Austin: Are libraries open to hosting author events with indie authors?
Do Libraries Host Talks, Readings and Workshops by Indies?
Eve: Yes, absolutely. In my experience these events are popular and well-attended. They’re also a great place to sell lots of copies of your books.
Offering at your local branch would be a good first step. How this works varies in different services – in some it will be arranged by a local management team, in others there is a central team that plans events. Arrange a meeting with someone from the management team, if you can. Showing that you’re professional and have a plan for what a session might look like will get you far.
If you haven’t yet reached the heights of fame where your name alone is a pull, a workshop is always a good idea.
Again, library services are often overstretched so offer to do as much as you can yourself in the way of promotions and preparations.
Austin: So it would be worth getting a professional package together with posters, leaflets, press-releases and all that, coupled with an outline of what you would do and who it would benefit, to present the library with a slick-looking fait accomplis. And emphasize the value you’re giving to the library and its community rather than pushing your books.
If you don’t have reviews in the mainstream publishing magazines and you’re not in the big catalogs, do you think a library tour would be a good first step to getting libraries to stock your books?
Are Library Tours Worthwhile for Authors?
Eve: Yes! If you’re going to do an event, the stock team will buy a set of your books to loan and promote in the period leading up to your event. If you’re thinking about how to get your book into libraries as an independent publisher, it’s probably the best way to ensure that the library stocks your work!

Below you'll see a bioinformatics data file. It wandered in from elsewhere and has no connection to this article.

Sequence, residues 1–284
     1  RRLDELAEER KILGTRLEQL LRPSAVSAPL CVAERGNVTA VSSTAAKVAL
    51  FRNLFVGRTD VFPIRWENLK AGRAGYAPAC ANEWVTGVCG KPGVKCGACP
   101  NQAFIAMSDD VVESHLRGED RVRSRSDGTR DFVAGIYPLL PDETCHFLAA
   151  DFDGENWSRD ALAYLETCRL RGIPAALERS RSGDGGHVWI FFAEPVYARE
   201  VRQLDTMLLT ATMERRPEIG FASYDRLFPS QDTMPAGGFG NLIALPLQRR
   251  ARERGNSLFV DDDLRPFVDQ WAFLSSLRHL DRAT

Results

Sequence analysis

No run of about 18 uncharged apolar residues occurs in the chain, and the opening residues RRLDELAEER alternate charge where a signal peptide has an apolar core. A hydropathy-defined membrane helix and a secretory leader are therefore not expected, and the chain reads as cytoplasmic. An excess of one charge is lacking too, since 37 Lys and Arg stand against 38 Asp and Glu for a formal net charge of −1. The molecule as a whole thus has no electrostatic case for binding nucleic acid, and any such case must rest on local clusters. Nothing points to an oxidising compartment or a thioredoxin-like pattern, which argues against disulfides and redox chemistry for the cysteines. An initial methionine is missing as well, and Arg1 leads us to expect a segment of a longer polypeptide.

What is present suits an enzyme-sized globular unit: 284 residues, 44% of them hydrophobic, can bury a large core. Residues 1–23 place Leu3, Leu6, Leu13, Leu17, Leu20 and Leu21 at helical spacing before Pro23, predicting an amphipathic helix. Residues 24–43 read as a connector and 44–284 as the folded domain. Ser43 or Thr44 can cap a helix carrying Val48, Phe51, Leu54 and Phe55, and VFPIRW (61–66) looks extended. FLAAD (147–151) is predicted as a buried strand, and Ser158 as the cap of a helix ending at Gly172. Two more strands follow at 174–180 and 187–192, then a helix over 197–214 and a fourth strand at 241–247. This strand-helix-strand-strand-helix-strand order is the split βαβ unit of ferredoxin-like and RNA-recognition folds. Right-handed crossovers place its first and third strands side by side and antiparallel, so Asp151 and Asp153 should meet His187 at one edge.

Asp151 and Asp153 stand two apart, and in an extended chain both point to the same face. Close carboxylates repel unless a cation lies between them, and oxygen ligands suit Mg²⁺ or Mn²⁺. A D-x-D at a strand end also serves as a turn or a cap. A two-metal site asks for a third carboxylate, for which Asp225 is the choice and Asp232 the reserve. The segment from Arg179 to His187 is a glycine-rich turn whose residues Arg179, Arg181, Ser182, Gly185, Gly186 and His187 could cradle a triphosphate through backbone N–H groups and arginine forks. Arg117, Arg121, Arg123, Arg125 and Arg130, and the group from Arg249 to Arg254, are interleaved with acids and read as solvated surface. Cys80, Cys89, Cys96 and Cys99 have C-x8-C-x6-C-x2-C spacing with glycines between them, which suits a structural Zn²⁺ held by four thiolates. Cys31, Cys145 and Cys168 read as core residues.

Austin: That’s brilliant. So there’s no reason why indie authors shouldn’t get their books into libraries as a matter of routine, so long as they have a helpful, professional approach, talk to the right people, and offer good value to libraries and their communities.
Thank you so much for talking to us, Eve. You’ve been fantastic.
Eve: Thanks for having me!
Eve’s book, The Brilliant Women Collection, is available here and she blogs here. The book is an inspiring feminist read, especially for young folk, and her blog is an archive of useful material for writers and indie publishers.
How to Get Your Book into Libraries as an Independent Publisher AND Get Paid
I hope that’s given you useful strategies to deploy in terms of how to get your book into libraries as an independent publisher. Don’t forget, once your books are in at least one library, in the UK you can register with the PLR and get paid annually for the number of times your book has been issued (currently about 6.2p per loan).
As far as I’m aware there’s no equivalent PLR system in the USA although each European country has it’s own version. If anyone knows better about the US situation, please let us know in the comments and I’ll update the post once that’s verified.
Either way, paid or not, getting your books into libraries is a great way to spread the word and become more widely known. If you’re a children’s author it’s probably essential in order to reach your target audience.
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Image credits: all images are in the Public Domain and sourced via the Creative Commons. Exceptions are the covers of my books and the photo of me, to which I own the exclusive copyright. The photo of Eve belongs to her and is used with her kind permission.